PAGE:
The difference between compliance auditing and pen testing — and why both are critical for cybersecurity
April 7, 2023
Cybersecurity is as fraught as it’s ever been. Businesses are under constant threat from cyberattacks, data breaches, and other security incidents, with nearly nine in 10 companies experiencing a cyberattack in the past three years.
Given the precarious security environment, it’s vital for organizations to stay on top of their security posture and patch weak spots before damage and disruptions occur. In the past few months, we’ve seen a significant increase in customer inquiries into security assessments, with a specific focus on the role compliance audits and penetration testing play in the process.
Although compliance audits and pen testing both serve a similar purpose, they differ in several key ways. A better understanding of how compliance auditing and pen testing work — and how they can complement one another — can help you evaluate your security practices, identify potential vulnerabilities, and strengthen your system’s defenses.
What is a compliance audit?
A compliance audit is a review of a business’s security practices and processes to ensure they meet regulatory and industry standards.
Compliance audits are most often conducted by an external auditor or third-party assessor, but an organization’s own compliance team may also perform audits. The typical audit involves reviewing policies and procedures, documentation, and technical controls to ensure they meet certain requirements, such as SOC 2, ISO 27001 or the Department of Defense’s STIGS.
Compliance audits are crucial to ensure businesses are following best practices and necessary security protocols to protect sensitive data and prevent security incidents. By conducting a thorough review of their security infrastructure, businesses can identify potential risks and weak spots before they become significant issues. In addition, audits help organizations avoid compliance violations and any legal actions, reputational damages or fines that may come with them.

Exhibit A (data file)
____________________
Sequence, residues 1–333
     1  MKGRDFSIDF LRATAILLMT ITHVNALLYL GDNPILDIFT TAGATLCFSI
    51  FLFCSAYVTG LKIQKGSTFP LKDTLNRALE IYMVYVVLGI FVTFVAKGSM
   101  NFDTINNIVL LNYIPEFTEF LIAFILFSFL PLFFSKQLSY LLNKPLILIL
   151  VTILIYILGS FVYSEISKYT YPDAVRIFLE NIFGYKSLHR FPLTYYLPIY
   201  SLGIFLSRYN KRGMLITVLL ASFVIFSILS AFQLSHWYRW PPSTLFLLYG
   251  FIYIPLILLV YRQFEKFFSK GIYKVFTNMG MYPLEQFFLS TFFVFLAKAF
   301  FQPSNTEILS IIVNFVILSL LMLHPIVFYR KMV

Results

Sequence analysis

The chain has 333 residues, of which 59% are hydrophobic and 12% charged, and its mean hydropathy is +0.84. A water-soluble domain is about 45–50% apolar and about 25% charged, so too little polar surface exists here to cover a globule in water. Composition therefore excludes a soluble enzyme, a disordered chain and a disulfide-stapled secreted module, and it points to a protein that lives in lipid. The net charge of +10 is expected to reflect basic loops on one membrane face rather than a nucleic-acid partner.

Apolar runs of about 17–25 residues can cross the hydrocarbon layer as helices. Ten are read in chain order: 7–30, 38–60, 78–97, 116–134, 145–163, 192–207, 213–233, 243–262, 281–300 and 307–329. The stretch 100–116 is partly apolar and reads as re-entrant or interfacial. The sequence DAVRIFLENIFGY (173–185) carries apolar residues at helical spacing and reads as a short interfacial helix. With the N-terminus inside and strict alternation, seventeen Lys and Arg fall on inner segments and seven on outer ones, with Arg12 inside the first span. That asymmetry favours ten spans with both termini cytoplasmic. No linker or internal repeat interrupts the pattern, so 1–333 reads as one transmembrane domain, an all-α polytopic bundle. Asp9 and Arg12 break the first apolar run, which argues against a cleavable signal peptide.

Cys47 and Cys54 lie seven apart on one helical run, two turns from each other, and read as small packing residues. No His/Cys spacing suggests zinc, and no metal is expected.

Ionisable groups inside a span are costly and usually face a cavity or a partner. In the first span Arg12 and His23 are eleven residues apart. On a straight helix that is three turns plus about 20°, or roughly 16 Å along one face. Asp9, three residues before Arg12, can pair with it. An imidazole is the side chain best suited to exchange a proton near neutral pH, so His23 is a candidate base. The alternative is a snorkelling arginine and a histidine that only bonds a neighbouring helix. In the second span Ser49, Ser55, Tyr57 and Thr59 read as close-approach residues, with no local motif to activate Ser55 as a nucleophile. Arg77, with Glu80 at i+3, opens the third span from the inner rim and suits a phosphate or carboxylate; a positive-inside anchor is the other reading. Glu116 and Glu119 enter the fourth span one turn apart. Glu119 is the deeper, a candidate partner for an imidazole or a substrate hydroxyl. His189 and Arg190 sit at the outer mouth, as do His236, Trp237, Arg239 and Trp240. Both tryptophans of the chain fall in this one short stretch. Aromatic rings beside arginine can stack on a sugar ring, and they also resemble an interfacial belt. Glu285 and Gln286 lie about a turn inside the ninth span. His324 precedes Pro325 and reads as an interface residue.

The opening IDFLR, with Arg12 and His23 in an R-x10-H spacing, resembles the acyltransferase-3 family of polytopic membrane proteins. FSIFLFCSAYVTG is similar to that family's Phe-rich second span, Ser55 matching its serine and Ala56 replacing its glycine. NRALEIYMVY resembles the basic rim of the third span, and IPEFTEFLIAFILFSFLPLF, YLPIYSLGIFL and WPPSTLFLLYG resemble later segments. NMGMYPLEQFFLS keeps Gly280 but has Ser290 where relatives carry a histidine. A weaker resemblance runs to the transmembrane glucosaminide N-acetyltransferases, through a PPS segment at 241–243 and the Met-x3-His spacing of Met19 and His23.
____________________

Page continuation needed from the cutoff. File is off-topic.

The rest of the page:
What is a pen test?
Pen testing, or penetration testing, is a simulated cyberattack designed to identify vulnerabilities in a business’s security infrastructure. This strategy involves an ethical hacker attempting to exploit vulnerabilities in a business’s system, networks, and applications to gain access to sensitive data and identify vulnerabilities that a real-life hacker could exploit.
Pen testing is typically conducted by an internal team or external security professionals using a variety of techniques and tools to try to breach an organization’s defenses and gain access to sensitive information. The process is incredibly effective: Ethical hackers discovered over 65,000 vulnerabilities in 2022 — 20% more than the previous year.
The goal of pen testing is to identify potential security risks and provide recommendations for improvement. By roleplaying how a hacker might carry out a data breach, organizations can identify potential vulnerabilities and weak spots, test security capabilities, and patch their configuration before bad actors beat them to it.
How compliance audits and pen testing work together
Compliance audits and pen testing tackle two sides of the same coin: meeting regulatory standards and identifying security weaknesses. You need both to maintain your overall security posture. For example, a compliance audit could uncover potential vulnerabilities that should be further assessed during a pen test to determine how they can be corrected, while a pen test may pinpoint compliance issues that must be addressed.